Over the last 25 years, women have represented the fastest growing sector of America’s prison population. The majority of women behind bars today are survivors of domestic violence — victims of rape, incest, forced prostitution, and other exploitation. In many cases, the abuse they suffered led to their alleged transgressions. Among the most extreme examples are cases in which a battered woman kills her abuser.
Meanwhile, the soaring costs of incarceration and the depth of the current economic recession are forcing many states to reconsider their sentencing guidelines and parole policies. In this context, the release of incarcerated survivors of abuse, many of whom have been imprisoned for decades and whose only crime was fighting for their own survival, represents a significant and politically feasible step towards reducing prison populations and restoring justice.
CRIME AFTER CRIME tells the dramatic story of the effort to free Debbie Peagler, an incarcerated survivor of brutal domestic violence. Through her legal case, a grassroots campaign to secure her release, and media coverage of her saga, Debbie’s journey shines a light on a population that has largely been ostracized and denied justice by American prisons and courts. Her story shows us a way forward in healing the troubled intersection of domestic violence and criminal justice in the United States.
As misguided funding cuts now force the closure of battered women’s shelters and recreate a situation in which victims have no safe way to escape abuse, this film becomes all the more crucial. The project exposes widespread problems in prosecution and sentencing, demonstrates the grounds for the release of incarcerated survivors of domestic violence, and advocates for the correction of unfair criminal justice practices.
Unfortunately, our justice system does little to track whether or not someone charged with a crime is a victim of domestic violence. Research has shown, however, that especially for women and children, domestic violence or other abuse often is a factor in an alleged crime. Sometimes the link is direct, such as when a battered woman fights back against her abuser. Other times, the link is indirect, as in the case of an abused teen who turns to drug use to numb the physical, emotional, and psychological wounds brought on by the abuse.
Anecdotal evidence shows that most women in prison have been abused at some point in their lives. Helen Mayo, a volunteer who has run a battered woman’s support group at the Central California Women’s Facility prison in Chowchilla, CA estimates that as much as 97% of women behind bars today have been victimized before, or in some cases during, their time in prison.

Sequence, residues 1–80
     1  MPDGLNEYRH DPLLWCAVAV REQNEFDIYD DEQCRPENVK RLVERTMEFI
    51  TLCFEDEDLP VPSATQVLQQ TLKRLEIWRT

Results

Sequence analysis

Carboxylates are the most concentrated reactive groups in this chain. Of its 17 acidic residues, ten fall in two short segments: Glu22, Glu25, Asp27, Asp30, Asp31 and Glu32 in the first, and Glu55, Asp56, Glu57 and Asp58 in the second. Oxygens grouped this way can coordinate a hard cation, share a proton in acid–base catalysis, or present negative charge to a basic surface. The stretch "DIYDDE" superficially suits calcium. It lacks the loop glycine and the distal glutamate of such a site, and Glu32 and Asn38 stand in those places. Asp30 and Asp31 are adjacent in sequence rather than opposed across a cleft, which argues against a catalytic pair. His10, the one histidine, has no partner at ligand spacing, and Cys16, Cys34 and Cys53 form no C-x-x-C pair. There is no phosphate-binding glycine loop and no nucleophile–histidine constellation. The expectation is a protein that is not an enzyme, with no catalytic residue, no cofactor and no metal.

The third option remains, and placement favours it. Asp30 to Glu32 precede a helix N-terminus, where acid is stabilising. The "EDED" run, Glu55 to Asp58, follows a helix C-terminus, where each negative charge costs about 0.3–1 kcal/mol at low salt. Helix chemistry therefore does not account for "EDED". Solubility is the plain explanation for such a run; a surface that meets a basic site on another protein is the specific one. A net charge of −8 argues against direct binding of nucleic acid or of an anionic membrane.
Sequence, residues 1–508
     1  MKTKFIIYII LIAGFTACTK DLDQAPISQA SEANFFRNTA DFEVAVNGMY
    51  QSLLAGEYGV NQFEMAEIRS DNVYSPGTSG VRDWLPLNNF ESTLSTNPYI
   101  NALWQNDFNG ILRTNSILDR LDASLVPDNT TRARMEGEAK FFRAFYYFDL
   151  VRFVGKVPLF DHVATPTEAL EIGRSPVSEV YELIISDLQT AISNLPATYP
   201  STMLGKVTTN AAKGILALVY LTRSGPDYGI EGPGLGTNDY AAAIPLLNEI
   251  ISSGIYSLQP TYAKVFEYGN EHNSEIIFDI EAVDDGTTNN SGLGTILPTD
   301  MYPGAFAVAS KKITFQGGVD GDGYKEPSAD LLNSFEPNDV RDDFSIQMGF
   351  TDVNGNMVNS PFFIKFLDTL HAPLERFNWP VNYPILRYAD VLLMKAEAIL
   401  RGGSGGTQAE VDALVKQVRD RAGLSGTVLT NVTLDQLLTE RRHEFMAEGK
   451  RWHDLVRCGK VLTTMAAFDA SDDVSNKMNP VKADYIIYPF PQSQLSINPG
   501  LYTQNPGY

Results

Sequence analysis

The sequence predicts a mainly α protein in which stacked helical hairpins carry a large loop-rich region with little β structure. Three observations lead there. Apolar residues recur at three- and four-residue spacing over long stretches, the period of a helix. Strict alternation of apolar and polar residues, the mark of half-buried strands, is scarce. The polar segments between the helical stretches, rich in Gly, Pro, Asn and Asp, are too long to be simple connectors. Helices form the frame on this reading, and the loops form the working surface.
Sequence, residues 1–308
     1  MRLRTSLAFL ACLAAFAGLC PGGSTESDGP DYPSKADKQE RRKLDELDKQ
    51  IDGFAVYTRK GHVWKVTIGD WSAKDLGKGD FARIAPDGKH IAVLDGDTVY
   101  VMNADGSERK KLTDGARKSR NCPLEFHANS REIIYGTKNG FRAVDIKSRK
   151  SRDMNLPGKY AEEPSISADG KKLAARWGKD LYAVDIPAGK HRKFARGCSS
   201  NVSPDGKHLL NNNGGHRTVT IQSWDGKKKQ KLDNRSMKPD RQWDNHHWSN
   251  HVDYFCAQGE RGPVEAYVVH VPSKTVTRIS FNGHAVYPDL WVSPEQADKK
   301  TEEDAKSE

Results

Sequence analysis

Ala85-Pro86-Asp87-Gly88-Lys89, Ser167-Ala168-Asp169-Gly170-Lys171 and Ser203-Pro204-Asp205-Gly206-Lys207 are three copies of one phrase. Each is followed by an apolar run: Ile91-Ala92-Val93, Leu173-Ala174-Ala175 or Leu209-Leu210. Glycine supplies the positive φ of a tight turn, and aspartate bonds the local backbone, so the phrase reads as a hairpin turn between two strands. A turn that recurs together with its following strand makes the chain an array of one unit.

The bottom line is that our criminal justice system needs to look at the whole picture. Sending victims of abuse to prison only revictimizes them all over again. Community-based facilities and treatment programs offer alternatives to incarceration that are more likely to help victims of abuse break the cycle and make positive contributions to society.
Budget shortfalls are forcing many states to take a long, hard look at their criminal justice systems. Over the last three decades the national war on drugs, as well as newer “tough on crime” sentencing guidelines such as California’s “three strikes” policy, have led to individuals spending their lives behind bars on charges of petty theft or drug possession. According to a March 23, 2010 New York Times article, “About 11 percent of the (California) state budget, or roughly $8 billion, goes to the penal system, putting it ahead of expenditures like higher education.”
While California may be most dramatic example of a system that has spun out of control, many states are facing problems that cannot be solved by simply building more prisons. As the prison population ages and requires increased medical attention, the cost of incarcerating these individuals is soaring; Click image to enlargebuilding more prisons adds to those costs and addresses the symptom of the problem while ignoring the cause.
Identifying and releasing incarcerated survivors of domestic violence who pose no threat to society represents a real and significant way for states to reduce their prison populations. Additionally, bolstering measures to identify victims of abuse as they are accused of crimes can help prevent the injustice and added expense of sending victims to prisons in the first place. Every case must be looked at based on its individual circumstances, and abuse, where it is a mitigating factor in an alleged crime, must be examined.